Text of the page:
Wayqecha Comes Alive During the Rainy Season
October 22, 2010
During the low tourist season of November–January, Wayqecha is a magnificent wonder of flowering plants, curious animals, and diverse birds seldom seen at other times of year. Story by Wayqecha intern Laura Morales.
When I first arrived to work at Wayqecha in July 2009, I was struck by how relatively dry this cloud forest was. The forest itself was green, but the transition between the upper cloud forest and the puna grassland was dry as a bone. In September I kept hearing from my co-workers the promise of rain. Well, we waited … September and October passed and we worried that the rains wouldn’t come. Finally, in November we had abundant rain, and the change in the cloud forest and puna was amazing. Many plants produce their fruit at this time of year in greater abundance than during the austral winter, attracting many animals.
On my rounds of the trails, forest, and puna, and through the reports of researchers working at the station, I noticed an increase in the presence of animals, sighting them and finding their tracks more often. We sighted a resident fox several times and even saw a long-tailed weasel right at the door of the station. Birds, the most visible of animals at the station and always relatively abundant, seemed to explode with new varieties during this period. There was a noticeable change in the demographic of the hummingbird population.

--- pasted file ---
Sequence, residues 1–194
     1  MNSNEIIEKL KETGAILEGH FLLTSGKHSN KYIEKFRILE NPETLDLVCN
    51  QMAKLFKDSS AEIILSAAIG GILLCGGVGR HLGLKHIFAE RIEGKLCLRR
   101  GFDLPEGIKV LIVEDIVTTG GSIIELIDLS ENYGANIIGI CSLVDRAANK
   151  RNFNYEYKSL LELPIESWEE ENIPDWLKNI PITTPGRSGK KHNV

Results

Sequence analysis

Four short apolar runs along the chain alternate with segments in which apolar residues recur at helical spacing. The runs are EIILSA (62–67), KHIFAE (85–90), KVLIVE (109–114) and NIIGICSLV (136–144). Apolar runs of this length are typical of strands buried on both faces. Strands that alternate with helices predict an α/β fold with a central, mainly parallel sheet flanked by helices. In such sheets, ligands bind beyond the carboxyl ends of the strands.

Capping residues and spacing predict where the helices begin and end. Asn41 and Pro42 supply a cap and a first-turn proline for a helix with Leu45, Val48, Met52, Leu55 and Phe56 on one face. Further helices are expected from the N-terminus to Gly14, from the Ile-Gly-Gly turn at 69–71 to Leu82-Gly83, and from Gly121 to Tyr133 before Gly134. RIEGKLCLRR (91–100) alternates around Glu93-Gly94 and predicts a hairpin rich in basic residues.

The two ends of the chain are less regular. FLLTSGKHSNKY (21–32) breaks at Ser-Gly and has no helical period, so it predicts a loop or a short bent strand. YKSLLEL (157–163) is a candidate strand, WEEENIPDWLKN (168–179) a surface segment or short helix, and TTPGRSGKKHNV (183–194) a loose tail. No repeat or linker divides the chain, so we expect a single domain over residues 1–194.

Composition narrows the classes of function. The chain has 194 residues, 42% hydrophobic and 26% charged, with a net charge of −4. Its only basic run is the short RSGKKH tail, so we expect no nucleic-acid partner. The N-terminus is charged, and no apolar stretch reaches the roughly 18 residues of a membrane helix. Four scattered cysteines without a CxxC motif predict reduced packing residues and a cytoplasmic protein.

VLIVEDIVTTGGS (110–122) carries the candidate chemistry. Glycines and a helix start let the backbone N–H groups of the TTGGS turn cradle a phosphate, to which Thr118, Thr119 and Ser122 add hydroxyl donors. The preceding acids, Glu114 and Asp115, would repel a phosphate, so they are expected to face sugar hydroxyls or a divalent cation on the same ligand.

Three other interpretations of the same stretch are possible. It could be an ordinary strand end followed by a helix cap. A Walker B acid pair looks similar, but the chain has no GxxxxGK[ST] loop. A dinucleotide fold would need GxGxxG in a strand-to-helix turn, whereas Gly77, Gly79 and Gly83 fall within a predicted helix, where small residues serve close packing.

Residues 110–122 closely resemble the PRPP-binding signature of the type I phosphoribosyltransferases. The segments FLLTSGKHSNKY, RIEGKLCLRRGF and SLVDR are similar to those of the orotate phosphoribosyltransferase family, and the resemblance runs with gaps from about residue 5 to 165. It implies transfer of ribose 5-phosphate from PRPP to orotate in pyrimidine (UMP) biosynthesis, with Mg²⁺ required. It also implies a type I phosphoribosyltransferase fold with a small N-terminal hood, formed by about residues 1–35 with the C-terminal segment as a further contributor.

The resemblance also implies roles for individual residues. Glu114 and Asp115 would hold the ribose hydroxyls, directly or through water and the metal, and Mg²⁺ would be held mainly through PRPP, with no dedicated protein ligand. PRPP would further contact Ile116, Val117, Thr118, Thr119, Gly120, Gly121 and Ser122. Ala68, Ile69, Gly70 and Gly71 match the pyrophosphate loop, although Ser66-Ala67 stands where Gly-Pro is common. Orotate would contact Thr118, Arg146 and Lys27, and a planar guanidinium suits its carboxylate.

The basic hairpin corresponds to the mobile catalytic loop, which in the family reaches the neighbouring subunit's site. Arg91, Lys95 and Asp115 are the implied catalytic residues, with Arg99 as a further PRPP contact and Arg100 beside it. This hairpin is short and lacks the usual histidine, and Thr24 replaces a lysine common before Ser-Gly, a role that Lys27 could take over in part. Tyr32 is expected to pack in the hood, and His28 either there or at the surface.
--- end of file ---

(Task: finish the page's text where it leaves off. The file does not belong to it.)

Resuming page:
Aside from the boreal migrants that come at this time of year, many more local birds come to feed on the newly abundant fruits, shoots, and insects. Of insects, butterflies in particular appear in new shapes and colors – for example, the spectacular Morpho sulkowskyi makes its first appearance. Of course the butterflies are preceded by an abundance of caterpillars, some so large and full of bristles as to strike fear into the heart of the most experienced biologist lest he put his hand on one accidentally. And of course the myriad orchids in Wayqecha begin to bloom more abundantly at this time of year.
Everything seems to take on new life with the change in seasons and coming of the rains. Unfortunately this change and contrast is something that few visitors and researchers at the station get to experience. In contrast to the animals, most people flock here during the dry season of May through August. However, the few researchers who do brave the constant drizzle, cloudy weather, risk of landslides and falls along slippery trails, are rewarded by witnessing this greening of Wayqecha.
(Photos by Trond Larsen)